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While fishing is my number one passion, I do love watching football, especially on a cold and snowy February day when my favorite team is in the Super Bowl. And while I’m not superstitious, I decided to stay away from bananas and drink only a classic Wisconsin beer during the game.  Instead of being a couch potato, I paced behind the couch for the entire game, swilling PBR and wishing I had some sauerkraut.  The first half was fun, the second was tense and the outcome was perfect.  I treated myself to a Double Haul IPA during the celebration.

While I grew up in Wisconsin and learned to love beer there, Montana has quite the selection of choice malt beverages to choose from.  I knew I would love it here the first time I browsed the choices at a local grocery store.  Included were Dancing Trout, Trout Slayer Ale and several others with fly fishing themes or river names.

Dancing Trout AleTrout Slayer Beer

I recently visited the Great Northern Brewery in Whitefish Montana.  Not only are they becoming famous for their Black Star Beer, but they have Fred’s Black Ale on tap.  When you walk into a bar and see a tap with your name on it, what’s not to love?  On Saturday, they had a little contest.  What would you do for a years worth of beer?

Then there is the a fore mentioned Double Haul IPA.  Its actually available in 16oz cans for boaters on the Blackfoot River where glass is prohibited.  Seems to work pretty well elsewhere.  They fit nicely on the sides of my Fishpond pack.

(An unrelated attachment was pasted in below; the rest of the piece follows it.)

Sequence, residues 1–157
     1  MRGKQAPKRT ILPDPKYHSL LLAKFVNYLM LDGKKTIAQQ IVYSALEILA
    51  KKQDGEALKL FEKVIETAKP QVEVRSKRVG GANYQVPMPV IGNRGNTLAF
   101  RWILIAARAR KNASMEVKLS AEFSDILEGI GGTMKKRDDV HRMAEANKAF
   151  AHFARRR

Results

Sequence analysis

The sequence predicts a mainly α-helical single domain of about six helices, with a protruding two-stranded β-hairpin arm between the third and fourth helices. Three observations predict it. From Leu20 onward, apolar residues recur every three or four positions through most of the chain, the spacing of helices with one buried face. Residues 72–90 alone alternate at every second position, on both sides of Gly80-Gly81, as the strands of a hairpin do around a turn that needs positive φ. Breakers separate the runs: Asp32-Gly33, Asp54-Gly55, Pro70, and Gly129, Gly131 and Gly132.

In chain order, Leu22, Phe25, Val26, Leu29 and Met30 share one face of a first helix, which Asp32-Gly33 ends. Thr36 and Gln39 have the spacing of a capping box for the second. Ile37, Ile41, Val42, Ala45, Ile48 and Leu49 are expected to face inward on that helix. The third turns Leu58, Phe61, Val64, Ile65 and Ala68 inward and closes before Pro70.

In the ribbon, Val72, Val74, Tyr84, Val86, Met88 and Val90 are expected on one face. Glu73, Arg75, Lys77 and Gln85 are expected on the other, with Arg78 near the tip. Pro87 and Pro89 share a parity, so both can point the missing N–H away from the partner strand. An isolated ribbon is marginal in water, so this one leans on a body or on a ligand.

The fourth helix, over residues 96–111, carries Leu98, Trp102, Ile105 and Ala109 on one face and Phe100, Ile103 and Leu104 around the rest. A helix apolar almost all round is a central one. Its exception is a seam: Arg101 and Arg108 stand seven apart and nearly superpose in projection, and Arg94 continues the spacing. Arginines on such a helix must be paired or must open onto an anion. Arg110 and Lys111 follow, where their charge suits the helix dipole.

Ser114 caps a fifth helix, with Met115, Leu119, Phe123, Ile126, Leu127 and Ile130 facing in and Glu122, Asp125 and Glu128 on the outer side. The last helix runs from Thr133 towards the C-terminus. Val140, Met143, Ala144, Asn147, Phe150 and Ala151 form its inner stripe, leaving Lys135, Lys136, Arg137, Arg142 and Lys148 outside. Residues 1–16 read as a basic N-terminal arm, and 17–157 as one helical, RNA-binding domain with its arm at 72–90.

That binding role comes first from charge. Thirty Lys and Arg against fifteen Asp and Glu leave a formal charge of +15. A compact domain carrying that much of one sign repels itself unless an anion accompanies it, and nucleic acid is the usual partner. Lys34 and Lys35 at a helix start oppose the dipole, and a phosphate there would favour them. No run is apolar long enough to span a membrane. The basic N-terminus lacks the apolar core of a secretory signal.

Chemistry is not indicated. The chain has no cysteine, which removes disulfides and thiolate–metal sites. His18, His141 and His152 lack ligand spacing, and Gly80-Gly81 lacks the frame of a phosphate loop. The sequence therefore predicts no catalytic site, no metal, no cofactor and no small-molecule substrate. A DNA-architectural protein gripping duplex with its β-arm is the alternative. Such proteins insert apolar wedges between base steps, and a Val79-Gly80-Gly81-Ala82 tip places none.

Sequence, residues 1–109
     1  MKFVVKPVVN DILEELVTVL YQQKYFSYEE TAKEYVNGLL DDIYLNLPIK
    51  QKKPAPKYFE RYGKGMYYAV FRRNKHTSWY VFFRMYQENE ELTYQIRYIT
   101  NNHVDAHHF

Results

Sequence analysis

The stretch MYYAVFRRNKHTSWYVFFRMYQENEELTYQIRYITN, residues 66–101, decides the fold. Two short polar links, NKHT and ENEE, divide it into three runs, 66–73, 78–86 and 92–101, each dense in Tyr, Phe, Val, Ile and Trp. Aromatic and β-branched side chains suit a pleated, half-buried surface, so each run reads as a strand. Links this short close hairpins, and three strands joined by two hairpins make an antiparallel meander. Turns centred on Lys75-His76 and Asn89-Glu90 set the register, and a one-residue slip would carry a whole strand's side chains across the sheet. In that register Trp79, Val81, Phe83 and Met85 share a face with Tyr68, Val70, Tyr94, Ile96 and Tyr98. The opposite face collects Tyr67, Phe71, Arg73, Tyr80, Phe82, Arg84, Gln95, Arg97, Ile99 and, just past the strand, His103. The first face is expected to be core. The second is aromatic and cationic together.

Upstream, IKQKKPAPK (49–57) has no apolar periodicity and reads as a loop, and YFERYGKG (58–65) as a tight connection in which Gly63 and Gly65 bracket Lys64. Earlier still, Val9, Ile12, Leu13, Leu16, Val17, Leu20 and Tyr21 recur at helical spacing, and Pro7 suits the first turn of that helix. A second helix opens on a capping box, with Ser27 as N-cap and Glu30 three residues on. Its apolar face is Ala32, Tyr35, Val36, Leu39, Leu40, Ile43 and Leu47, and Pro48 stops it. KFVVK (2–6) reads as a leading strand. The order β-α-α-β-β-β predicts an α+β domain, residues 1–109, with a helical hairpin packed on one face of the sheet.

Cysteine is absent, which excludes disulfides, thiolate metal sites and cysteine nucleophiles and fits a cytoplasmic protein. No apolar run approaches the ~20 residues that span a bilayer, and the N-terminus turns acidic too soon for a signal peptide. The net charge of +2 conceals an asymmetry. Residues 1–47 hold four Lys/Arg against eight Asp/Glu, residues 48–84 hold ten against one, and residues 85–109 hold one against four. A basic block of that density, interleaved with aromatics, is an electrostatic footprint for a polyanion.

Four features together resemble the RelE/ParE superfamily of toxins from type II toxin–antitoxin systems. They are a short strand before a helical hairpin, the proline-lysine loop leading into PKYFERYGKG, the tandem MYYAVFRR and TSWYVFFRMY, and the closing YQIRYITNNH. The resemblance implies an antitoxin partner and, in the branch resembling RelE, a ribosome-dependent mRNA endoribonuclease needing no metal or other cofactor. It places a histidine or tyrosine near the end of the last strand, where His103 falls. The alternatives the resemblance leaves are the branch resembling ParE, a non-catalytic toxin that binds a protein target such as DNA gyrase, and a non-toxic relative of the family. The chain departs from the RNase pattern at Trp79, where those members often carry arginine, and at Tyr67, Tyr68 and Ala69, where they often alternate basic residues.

Double Haul IPA

“Brewed with lots of hops and a solid body, Double Haul® IPA is a beer lover’s dream. After a couple of Double Haul®s you’ll feel like you’re out with your buddies and it’s FISH ON!”

Here is a link to 20 Montana Breweries. Not only are there more fishy and fly fishing theme named beers, but lots of animal themes like Moose Drool and even some skiing themes like Face Plant and Cold Smoke.

So you might be wondering about the title reference to no bananas.  That’s a post topic for another time.  Here is a link if you need a clue.  Bananas in the Boat.

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Cold Beer

Cold Day, Cold Troutslayer Beer

Tom Lackey just sent me this picture in remembrance of a very cold and blustery morning we spent on the MO a year ago today.  Soon after we held down bar stools at Issac’s in Craig for many hours, stories and a few more beers. It was like a refugee camp due to the weather and the fact that all the other rivers in Montana were blown with runoff.   Things are very different this year.  Water conditions are good on a number of rivers and fish on the MO have been eating very well on top. Here is a link to last years post.  While not as cold today, it was windy with some rain showers.  Brian Neilsen and I drove up to Tibor Dam on the Marias River for a little look around and I took a few casts with my new Beulah Platinum 5wt Spey Rod.  Can’t wait to get busy with that new stick.

Tight Lines!